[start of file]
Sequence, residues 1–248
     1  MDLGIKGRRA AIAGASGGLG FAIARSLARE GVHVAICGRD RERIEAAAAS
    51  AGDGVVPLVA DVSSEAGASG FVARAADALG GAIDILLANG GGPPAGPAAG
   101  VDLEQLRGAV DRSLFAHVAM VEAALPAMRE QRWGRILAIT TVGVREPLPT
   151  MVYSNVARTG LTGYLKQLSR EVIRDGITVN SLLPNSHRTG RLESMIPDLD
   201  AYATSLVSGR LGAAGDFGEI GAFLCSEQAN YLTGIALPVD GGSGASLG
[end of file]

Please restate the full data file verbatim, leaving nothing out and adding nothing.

Sequence, residues 1–248
     1  MDLGIKGRRA AIAGASGGLG FAIARSLARE GVHVAICGRD RERIEAAAAS
    51  AGDGVVPLVA DVSSEAGASG FVARAADALG GAIDILLANG GGPPAGPAAG
   101  VDLEQLRGAV DRSLFAHVAM VEAALPAMRE QRWGRILAIT TVGVREPLPT
   151  MVYSNVARTG LTGYLKQLSR EVIRDGITVN SLLPNSHRTG RLESMIPDLD
   201  AYATSLVSGR LGAAGDFGEI GAFLCSEQAN YLTGIALPVD GGSGASLG